PAE WHITE – RESTLESS RAINBOW by Nick Van Zanten
Pae White’s Restless Rainbow has taken over a terrace on the third floor of the Art Institute of Chicago’s new Modern Wing, with an outpouring of bright colors printed on opaque vinyl along the glass walls. Why this terrace is where it is, what’s so striking about it and why part of it hosts an expensive restaurant, is the view that it has of Lake Michigan and Millennium Park, and beyond it the dense center of Chicago. It’s a fantastic spot from which to look at the sculptures in the adjacent park, such as Anish Kapoor’s Cloud Gate or Frank Gehry’s band shell. White set out to break down the spatial dynamics of the terrace, closing it off to people inside of it and making it prominently visible to those looking up at it. Before, this terrace allowed visitors to see everything while remaining hidden from street level; now it is conspicuously visible from the ground and offers no view.
Restless Rainbow is an image, a myriad of colored concentric circles that look like an enormous, psychedelic vinyl record. In the accompanying text, White says that she had the idea for the installation while wondering what would happen if a rainbow were to fall from the sky. What if it became jumbled, and the misty colors of refracted light became the hard saturated colors of comic books, transparency became opacity? I assume the artist wishes us to draw a conceptual rather than aesthetic connection. Rainbow certainly changed a great deal in its descent; beside the obvious fact that the colors have no relationship to the spectrum of a rainbow, Restless Rainbow is by necessity static, concrete, and objective rather than fleeting, ethereal and personal to each viewer. The chaos of bright colors bouncing off one another have a great optical effect, closing off the space through their sheer brilliance (viewers can still see over the top of the installation, but that view is dull by comparison). From the inside the view is not only blocked but forgotten, sealed off by what’s on the walls, and the terrace becomes, in effect an interior room. All this play with the view made me think of how two-dimensional art traditionally works as a window. White, an artist who has done many images of air, has taken this opportunity to do the reverse. At the center of it all is an oculus through which one can still see out. Humorously, this view is neither central to the original architecture of the space nor to its surroundings – looking out it one sees the flank of the Gehry band shell and some nondescript mid-century office towers. The expansive view offered by the terrace has been focused into a single point that might also be the weakest.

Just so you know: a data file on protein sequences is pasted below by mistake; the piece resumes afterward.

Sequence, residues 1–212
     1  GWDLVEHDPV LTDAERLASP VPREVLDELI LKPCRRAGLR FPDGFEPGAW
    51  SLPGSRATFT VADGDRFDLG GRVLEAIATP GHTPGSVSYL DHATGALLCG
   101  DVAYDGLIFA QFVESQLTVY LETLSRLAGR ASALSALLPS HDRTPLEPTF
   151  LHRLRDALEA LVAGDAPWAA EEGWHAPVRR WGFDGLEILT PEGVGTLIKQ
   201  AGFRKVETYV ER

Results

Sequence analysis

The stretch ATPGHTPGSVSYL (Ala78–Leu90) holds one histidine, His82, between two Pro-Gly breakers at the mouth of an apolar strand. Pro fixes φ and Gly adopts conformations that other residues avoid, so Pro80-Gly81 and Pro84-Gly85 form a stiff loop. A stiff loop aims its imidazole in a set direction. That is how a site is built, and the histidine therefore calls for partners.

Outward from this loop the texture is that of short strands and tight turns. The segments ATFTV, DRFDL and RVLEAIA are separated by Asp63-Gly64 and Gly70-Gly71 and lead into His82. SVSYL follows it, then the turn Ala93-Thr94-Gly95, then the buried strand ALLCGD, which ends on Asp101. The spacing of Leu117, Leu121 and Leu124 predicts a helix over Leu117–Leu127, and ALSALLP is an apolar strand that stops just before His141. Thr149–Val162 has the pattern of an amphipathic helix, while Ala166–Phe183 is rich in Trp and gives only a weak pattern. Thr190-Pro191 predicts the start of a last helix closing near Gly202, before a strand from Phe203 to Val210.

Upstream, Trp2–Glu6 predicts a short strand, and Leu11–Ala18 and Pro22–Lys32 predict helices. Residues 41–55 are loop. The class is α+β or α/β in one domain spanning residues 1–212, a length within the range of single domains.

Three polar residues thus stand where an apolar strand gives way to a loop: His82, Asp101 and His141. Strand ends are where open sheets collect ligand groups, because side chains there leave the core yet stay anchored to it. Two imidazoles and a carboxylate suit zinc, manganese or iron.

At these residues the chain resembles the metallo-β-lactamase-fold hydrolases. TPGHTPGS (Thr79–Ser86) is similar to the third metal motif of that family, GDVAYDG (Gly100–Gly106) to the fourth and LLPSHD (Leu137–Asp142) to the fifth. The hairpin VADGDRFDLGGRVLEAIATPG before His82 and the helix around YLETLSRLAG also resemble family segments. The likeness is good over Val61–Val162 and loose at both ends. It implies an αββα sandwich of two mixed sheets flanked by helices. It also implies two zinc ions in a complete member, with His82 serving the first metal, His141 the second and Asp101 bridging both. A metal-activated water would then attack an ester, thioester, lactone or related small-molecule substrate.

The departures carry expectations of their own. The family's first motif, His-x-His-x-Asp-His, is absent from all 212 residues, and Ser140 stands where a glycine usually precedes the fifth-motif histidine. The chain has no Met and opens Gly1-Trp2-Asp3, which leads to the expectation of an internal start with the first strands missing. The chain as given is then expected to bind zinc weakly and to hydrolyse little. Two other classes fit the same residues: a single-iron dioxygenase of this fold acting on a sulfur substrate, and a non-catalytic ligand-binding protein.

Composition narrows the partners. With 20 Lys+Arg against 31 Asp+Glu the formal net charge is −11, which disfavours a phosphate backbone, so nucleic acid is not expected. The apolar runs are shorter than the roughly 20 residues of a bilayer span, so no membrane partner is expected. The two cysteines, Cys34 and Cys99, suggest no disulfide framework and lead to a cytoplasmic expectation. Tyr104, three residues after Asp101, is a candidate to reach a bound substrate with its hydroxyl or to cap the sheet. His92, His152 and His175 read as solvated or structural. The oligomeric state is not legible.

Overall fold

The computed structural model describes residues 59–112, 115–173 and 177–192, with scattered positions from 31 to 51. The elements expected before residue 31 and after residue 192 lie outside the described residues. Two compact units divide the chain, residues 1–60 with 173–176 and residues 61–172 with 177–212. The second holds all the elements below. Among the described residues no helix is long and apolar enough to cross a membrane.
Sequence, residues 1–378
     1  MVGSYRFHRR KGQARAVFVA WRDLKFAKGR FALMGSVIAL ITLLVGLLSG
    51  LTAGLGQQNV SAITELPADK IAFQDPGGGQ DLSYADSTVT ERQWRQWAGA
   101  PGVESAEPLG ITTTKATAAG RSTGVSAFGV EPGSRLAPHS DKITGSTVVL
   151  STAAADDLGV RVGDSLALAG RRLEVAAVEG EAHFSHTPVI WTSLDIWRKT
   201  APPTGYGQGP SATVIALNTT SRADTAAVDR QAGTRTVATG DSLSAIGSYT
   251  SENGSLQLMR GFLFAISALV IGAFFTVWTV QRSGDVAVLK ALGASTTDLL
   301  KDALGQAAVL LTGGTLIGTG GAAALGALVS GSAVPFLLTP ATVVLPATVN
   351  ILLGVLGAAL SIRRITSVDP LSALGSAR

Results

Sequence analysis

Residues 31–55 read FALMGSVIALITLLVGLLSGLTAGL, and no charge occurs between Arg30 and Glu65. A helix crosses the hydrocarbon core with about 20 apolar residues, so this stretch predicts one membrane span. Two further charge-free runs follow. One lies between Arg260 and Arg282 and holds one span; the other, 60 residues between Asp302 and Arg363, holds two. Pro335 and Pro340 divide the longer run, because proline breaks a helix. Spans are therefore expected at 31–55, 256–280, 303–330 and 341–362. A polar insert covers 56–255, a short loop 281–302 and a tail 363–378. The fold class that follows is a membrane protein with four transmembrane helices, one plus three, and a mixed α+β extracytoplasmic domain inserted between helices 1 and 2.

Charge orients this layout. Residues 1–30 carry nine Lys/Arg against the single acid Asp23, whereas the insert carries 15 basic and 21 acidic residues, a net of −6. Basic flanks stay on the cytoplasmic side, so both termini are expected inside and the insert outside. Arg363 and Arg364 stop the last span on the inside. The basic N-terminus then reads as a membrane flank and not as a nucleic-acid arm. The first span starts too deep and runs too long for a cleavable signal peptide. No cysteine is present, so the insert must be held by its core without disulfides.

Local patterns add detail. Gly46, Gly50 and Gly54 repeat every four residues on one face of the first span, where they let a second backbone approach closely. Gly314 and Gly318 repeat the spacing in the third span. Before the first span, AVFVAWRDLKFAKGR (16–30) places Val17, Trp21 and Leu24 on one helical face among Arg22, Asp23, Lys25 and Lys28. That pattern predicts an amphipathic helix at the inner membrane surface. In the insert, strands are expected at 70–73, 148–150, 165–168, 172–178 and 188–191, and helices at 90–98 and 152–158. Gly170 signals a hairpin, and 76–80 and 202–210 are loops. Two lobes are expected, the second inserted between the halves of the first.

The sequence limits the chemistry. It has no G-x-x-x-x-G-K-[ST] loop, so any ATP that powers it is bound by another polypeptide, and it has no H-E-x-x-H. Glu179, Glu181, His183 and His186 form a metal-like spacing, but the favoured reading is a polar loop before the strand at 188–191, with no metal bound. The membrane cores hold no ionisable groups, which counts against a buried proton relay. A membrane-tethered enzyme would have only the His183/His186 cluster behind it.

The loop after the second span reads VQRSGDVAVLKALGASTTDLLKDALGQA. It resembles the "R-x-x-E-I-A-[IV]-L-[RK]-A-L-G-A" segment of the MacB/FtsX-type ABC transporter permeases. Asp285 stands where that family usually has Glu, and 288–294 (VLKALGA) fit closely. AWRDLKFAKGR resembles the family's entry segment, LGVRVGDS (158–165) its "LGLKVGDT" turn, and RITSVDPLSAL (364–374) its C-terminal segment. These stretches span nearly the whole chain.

White’s description of where she got the idea from strikes me as an allegory for the creation of any physical image based off of a mental image that is, like a rainbow, apparent only to the viewer and only fleetingly. This connection is driven home by the mysterious writing across a glass railing at the end of the terrace, facing out towards the street that cannot see it, which reads “i can never get it light.” If White really was trying to take an idea of a rainbow into the physical realm and make it into an art object she would have to take it out of the sky, to compromise and render it still and opaque. She couldn’t get it right and make it light or fleeting; it would be heavy, dark, confused, and restless.
Pae White likes light and air, and a rainbow seems an obvious subject for somehow who’s already covered smoke and reflections. Yet Restless Rainbow is neither light nor airy, despite the source material, which is what interests me so much about it. Maybe she felt that the terrace already had enough of that, and the only way to go was the other way. This is certainly what she did, backing away from her usual mode and drastically reworking the terrace in a way that we wouldn’t expect from her. Compare this rainbow to one of White’s enormous smoke tapestries: both take an image that confuses the basics of objecthood and create an art object out of it. But the smoke tapestries are images of smoke captured in a traditional way, and recognizable, and they were throughout the process, while Restless Rainbow is an image of a whole other sort. The rainbow in Restless Rainbow shows difference more than presence, between the source and the art derived from it, and between it and White’s usual process. Restless Rainbow is a commentary on the rest of her work, one that, like her other pieces, plays with what we think we can see. Fittingly, it frustrates our ability to see.
White certainly asserts herself over the terrace. Restless Rainbow causes you to forget the skyline and boxes the space in, making it an interior by virtue of its presence, while at the same time leaving the area itself completely open. While some might feel compelled to bemoan the loss of such a view, especially if your wedding is taking place on the terrace, it’s hardly unique – there’s a bridge right next to the terrace that has a better vista anyway. White’s new use of the terrace is as compelling as the view, and we shouldn’t feel that she failed to utilize it. Restless Rainbow blocks out almost all of it and manipulates the rest to its liking, turning the terrace inside out. What more could we ask when giving such a space over to an artist?